Finally you are asked how much would you expect to pay for such a program. He works the price down from thousands to the unbelievable price of $37 (USD). Just press the HUGE “Add To Cart” button that suddenly appears below the video and use one of the dozen or so methods of payment to gain these life changing benefits.

Of course I didn’t. But I was incensed to think I wasted nearly an hour of my time for such a lame presentation. Now, I could have just left anytime (and should of) but after a while, my ire grew and I was becoming more interested to see just how bad it would truly get. Finally the video ended and I found a faint menu at the bottom of the screen that included a “Contact Us” link. I started to send them an e-mail to get more information and the audio on my computer came back on (I had switched to another tab in Firefox to send the e-mail) with the comment “You are still here? What are you waiting for? Just press the button and fill out the form that comes up….” Unbelievable, that a company would be so bold as to press for a close after waiting for nearly 5 minutes of inaction. (I suspect the video was still “running” after appearing to end. There was no way of knowing.)

I finished my rant (including the point that if they really would refund all fees without any explaination and for any reason, why not present product as a try before you buy and bill 30 days after delivery) and sent the message. Then (and only then, to my sorrow) I did a quick Google search. As I pointed out in a prior post (Information Overload, Confidence Underload) any research on the net should involve a fair amount of action on your part. I was not interested in too much details, just to see if the company appeared to be legitimate.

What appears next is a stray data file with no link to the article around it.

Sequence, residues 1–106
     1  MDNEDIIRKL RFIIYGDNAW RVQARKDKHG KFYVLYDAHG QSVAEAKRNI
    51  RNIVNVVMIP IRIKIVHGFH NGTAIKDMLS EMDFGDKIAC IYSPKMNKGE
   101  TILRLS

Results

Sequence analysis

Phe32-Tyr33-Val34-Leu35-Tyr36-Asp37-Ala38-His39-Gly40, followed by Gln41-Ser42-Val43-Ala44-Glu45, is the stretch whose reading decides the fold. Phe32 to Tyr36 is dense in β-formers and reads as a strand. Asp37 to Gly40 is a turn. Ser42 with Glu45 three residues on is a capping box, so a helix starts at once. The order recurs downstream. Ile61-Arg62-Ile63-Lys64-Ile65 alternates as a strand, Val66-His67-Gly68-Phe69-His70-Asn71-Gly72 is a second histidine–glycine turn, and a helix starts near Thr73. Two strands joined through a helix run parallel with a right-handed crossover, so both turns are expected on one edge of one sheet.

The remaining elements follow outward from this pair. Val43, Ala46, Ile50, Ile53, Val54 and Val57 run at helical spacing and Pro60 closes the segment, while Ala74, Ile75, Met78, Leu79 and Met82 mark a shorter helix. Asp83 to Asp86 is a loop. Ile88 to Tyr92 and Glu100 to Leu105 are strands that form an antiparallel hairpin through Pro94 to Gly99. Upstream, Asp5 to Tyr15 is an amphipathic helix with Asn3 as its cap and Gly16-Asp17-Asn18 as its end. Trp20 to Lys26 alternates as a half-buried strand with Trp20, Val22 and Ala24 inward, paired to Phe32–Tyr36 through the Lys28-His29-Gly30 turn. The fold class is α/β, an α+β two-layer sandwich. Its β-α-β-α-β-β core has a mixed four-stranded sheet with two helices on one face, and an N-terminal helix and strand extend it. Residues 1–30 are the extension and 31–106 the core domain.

The first result was the company website itself (link to site). Short version was they were offering the program for $27 (ten dollars less than on the video) and included 5 free bonus items (the video only had 3 of them). So if I HAD pushed the button I would have paid more and gotten less. VERY VERY BAD.

The second search result was a scam alert from San Diego. CA giving a scam alert (link to alert). Pretty much what I thought while I was watching the video. I thought the alert link hit the main points fully and was right on the point.

I actually have read the book on the Bates method mentioned in both locations. I did notice some benefits but it was not as easy as would have been expected by the presentation. (I bought the book for less than a dollar at a used book store about 25 years ago).